How to Benchmark

This is the text of an article published by Peter Griffin


BENCHMARKING

Benchmarking is one of the new vogue subjects, along with a raft of quality related initiatives. What can be so difficult about examining how other organizations have achieved improved performance? The answer is NOTHING, but "examining" others is a world away from really learning HOW they achieved the improvement.

Many organizations publicize what they have achieved, but it is unusual for them to be lucid on the more mundane facts of how this transformation was made to work.

Benchmarking is one of the most effective means to identify improvements which can make a significant difference to your organization. Within this article I will explain how benchmarking should be performed in order to provide maximum benefit to those who seriously seek improvement.

First, let us define improvement as providing increased customer satisfaction in the most effective manner.

Second, if we are to perpetuate an improvement process it must be recognized as successful..... work within "the art of the possible". We may want to climb Mount Everest, but we are more likely to achieve it if we succeed in smaller stages as part of a steady journey to the summit.

Third, Benchmarking is Not New. We all perform it to some extent every day....... and never give it a second thought, let alone spend time describing it as benchmarking.

For example, we may realize that our colleague has found a quicker route to work. The majority of us will be keen to learn how this improvement has been achieved, so we ask. We get the maps out and clarify exactly the route taken, and implement the action to achieve the improvement. Until an even better route is identified. Improvement is a never ending journey.

How do you identify a suitable activity to benchmark ?

As with all improvement activities, it is better to start with a known problem area that is able to be defined, or an activity where improvement will provide maximum benefit (the 80/20 rule works everywhere). Nobody can really grasp an intangible goal like "we want to achieve excellence".

You may not be able to see the need for improvement by looking internally. Look for opportunities in the widest context, e.g. what are your customers expecting now, what are your competitors achieving ?

The Massachusetts Institute of Technology and JD Power and Associates published a survey in 1991 illustrating differences between car plants in Japan, USA and Europe, showing that European plants had significant opportunity for improvement. Productivity (in hours to produce a vehicle) was 16.8 in Japan and 36.2 in Europe. The European producers probably believed that a 30% would be a significant achievement.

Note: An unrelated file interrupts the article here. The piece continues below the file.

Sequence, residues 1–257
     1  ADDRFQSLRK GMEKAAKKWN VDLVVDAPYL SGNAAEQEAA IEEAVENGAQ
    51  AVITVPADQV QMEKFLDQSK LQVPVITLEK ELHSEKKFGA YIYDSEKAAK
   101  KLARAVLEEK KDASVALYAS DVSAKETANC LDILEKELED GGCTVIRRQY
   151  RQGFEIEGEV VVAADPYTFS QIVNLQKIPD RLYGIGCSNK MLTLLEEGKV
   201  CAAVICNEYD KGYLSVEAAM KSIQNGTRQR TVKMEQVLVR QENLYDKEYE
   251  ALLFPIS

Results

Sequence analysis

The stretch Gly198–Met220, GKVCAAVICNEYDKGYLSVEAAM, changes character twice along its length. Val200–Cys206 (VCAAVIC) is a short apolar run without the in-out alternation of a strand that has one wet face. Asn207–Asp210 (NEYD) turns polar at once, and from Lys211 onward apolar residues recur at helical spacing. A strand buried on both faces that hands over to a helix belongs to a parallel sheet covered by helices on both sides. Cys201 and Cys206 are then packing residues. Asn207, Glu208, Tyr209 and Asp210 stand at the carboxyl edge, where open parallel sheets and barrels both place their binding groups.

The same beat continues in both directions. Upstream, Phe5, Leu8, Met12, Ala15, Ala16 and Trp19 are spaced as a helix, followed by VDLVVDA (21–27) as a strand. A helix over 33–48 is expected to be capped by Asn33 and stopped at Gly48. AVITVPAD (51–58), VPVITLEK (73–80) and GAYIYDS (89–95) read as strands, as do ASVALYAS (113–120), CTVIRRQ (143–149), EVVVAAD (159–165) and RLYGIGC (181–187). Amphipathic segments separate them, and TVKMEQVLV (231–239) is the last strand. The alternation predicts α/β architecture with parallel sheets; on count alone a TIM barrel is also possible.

However, this would still have still left them [miles] behind the Japanese. The Japanese could have been viewed as the best in the world, i.e. world-class.

This example illustrates what was achieved but not how. Fortunately the survey also looked at supporting areas such as training time for new workers, absenteeism, defects per vehicle, which provided signposts to the primary areas of consideration.

Once the subject activity is identified, spend as much time as possible defining it. The more clearly you know your problem, the easier it will be to identify the differences that will lead to major improvement.

How do you identify a suitable benchmarking partner ?

It is important to recognize that you have identified an activity to benchmark - it does not need to be benchmarked in your own industry. For instance Xerox decided to benchmark its distribution functions against a world class performer....L L Bean.

Find out as much as possible about the company from other sources (e.g. customers, suppliers, published data, consultants, trade associations, databases), so that you can maximize knowledge gained from direct contact with the partner.

How do we encourage them to "tell all" ?

We are all proud of doing a good job and are more than pleased to discuss these achievements with others...... provided that there is a professional exchange and the chance of mutual benefit. Are we not all keen to learn ?

Some guidelines:

How do we gather the information required ?

1. Develop a Questionnaire
i) Draft a questionnaire with all of the information you want to obtain.
Remember to phrase the questions to gain maximum comparative information (as you will want to compare the outcome from a number of partners). Absolute values are meaningless without all of the supporting details. Examples of useful questions are:
Open questions - How, Where, When, Who, What
Scaled Answers - very important, important or not important

ii) Review the questionnaire with a team of others. Change it to improve.

2. Complete the Questionnaire - for your own organization

This is a good test of the questions and also ensures that you can respond to similar requests for information from your benchmarking partners.

3. Write Down the Reason for Asking Each Question

Again, this will test if all the questions are really necessary, and will provide you with a ready made answer when the partner asks "Why do you want to know that !".

4. Talk to the Benchmarking Partner

How should a visit be performed ?

What do we do with the information gained ?

Use it to compare the similarities and differences, in order to clearly identify improvement opportunities.

Share the knowledge with all interested parties in you own organization, and TAKE THE IMPROVEMENT ACTION !!!

Monitor the improvements and benchmark again and again. The information becomes outdated rapidly and improvement is a continuous process.


Some key guidelines:


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